Sleep terrors are episodes arising abruptly from sleep of apparent terror. Screaming and agitated behavior with attempts to leave the bed or the room are characteristic, and tachycardia, mydriasis, and sweating are common. The patient is usually inconsolable and partly or completely unresponsive. Injury during the episode is a potentially serious complication due to extreme agitation and escape behavior, and patients may react violently to attempts to restrain them (Kales et al., 1980b). Morning amnesia is characteristic although some patients vaguely recall a terrifying image or situation and occasionally have more detailed recall of dream-like events. Sleep terrors occur once per week or more frequently in about 1-2 of children between the ages of 6 and 14. Some persons continue to have sleep terrors into adulthood and in occasional cases, the onset of the disorder is during the adult years.
A variety of clinical phenomena have been reported to occur in association with the motor spasms. These include autonomic changes (heart rate alterations, cyanosis, pallor, sweating, and flushing), respiratory rate changes, vocalizations (crying, laughter, and grunting sounds), hiccups, smiling, grimacing, tongue and mouth movements, and ocular events (eye deviation, nystagmus, eye opening or closing, pupillary dilation, and tearing).
Panic attacks may (in common with epileptic seizures) be described as paroxysmal events. They are discrete periods of intense fear or emotional discomfort, accompanied by a range of somatic symptoms including palpitations, trembling, a feeling of shortness of breath (which may be associated with hyperventilation), sweating, feelings of choking and psychological symptoms including depersonal-ization, fear of losing control and fear of dying. The attacks occur spontaneously, without warning, and although they may occur in situations in which they have previously occurred, when the patient is concerned that an event may happen, they may also occur unexpectedly. Individual panic attacks are self-limiting although estimates of duration vary. Retrospective estimates by sufferers suggest an average duration of between 10 and 20 minutes. However, a prospective study reported considerably longer attacks, with a mean of between 15 and 50 minutes (Taylor et al., 1986). Whilst some people...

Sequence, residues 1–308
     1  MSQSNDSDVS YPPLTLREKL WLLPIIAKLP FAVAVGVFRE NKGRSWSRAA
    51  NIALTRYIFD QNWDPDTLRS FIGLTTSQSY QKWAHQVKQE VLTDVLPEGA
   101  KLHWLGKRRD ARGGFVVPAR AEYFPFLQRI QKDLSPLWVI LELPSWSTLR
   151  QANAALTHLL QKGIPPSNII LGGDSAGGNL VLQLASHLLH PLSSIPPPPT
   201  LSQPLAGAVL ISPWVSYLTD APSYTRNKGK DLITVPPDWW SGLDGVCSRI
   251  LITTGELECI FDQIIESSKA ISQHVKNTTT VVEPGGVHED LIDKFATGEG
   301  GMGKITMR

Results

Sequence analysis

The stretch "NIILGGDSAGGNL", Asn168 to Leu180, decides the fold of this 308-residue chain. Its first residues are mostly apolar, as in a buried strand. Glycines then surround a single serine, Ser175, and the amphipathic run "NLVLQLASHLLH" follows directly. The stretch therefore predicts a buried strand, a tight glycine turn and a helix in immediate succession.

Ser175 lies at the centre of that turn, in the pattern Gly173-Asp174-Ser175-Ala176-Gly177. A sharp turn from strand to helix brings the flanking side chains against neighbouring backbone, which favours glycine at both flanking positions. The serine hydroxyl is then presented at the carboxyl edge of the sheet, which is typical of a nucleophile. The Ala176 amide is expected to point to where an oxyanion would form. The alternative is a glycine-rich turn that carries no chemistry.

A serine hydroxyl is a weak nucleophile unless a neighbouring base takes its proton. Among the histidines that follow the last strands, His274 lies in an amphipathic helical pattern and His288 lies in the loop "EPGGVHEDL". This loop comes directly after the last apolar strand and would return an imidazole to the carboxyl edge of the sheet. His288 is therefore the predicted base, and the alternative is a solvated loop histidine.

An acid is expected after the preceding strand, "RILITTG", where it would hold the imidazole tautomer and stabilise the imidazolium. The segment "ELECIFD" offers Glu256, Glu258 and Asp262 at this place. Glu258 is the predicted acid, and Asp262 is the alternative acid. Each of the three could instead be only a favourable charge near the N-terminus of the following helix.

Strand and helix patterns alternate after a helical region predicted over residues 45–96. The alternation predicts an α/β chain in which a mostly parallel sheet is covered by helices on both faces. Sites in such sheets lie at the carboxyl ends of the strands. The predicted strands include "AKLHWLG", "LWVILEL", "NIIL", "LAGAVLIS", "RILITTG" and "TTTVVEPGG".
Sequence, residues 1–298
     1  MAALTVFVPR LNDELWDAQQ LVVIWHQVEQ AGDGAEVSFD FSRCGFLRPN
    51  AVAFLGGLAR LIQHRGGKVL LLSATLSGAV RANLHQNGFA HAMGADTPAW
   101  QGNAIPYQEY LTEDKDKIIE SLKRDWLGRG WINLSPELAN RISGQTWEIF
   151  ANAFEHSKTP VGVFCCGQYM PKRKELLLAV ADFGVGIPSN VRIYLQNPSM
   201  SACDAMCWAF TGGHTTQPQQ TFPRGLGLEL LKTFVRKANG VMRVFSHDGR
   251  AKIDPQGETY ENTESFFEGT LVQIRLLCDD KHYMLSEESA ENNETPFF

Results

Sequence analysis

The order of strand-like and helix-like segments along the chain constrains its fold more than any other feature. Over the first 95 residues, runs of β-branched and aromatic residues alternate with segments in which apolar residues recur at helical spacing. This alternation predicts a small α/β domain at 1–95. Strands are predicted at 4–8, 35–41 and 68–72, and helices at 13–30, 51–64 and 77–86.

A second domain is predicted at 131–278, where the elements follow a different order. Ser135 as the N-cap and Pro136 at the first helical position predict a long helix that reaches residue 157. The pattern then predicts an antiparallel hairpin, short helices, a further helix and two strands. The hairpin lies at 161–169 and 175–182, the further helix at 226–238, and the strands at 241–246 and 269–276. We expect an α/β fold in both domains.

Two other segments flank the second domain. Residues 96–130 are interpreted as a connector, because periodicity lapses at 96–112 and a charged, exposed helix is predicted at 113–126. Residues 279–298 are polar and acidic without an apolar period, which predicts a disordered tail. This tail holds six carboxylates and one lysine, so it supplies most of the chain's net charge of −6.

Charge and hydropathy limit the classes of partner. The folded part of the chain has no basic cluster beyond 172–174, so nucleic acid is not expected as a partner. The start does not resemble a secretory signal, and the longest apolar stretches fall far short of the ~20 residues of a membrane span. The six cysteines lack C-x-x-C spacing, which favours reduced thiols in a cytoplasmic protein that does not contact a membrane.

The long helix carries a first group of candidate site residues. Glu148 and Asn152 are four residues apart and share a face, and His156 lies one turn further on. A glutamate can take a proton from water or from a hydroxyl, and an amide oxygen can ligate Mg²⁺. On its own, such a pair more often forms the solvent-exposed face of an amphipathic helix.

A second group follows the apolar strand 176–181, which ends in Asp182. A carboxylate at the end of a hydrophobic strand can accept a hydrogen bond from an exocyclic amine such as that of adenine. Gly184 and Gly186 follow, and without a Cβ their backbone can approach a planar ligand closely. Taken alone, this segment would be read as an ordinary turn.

The main form of neurocardiogenic syncope is vasovagal syncope this is the commonest cause of loss of consciousness. There is usually a clear precipitating factor, such as prolonged standing, a hot environment, fright, or the sight of blood. Vasovagal syncope typically begins with the prodrome of nausea, clamminess, sweating, tunnelling and loss of vision (blurred or black), light headedness, and tinnitus. The patient may look pale and sweaty. In the event itself, there is reduced muscle tone, causing the eyes to elevate and the patient to slump to the ground. There may be a few small-amplitude and brief myoclonic jerks during the anoxic phase, which may easily be misinterpreted as an epileptic seizure. Consciousness is usually regained within a few seconds. Amnesia, drowsiness, and confusion are usually only brief. Injury and incontinence occasionally occur, but lateral tongue biting is very unusual.
Benign Childhood Seizures with Affective Symptoms (89). This is reported to have its onset between 2 and 9 years of age and is characterized by multiple, usually short, daytime and nighttime seizures in which the predominant symptom appears to be fear or terror, accompanied by autonomic disturbances (pallor, sweating, abdominal pain, and salivation), arrest of speech, and mild impairment of consciousness with automatisms. Interictal EEG shows sharp and slow wave complexes similar to those in rolandic epilepsy but located in the frontotemporal and parietotemporal electrodes. Remission in 1 to 2 years from onset is expected. This is likely to be an intermediate phenotype between Panayiotopoulos syndrome and rolandic epilepsy.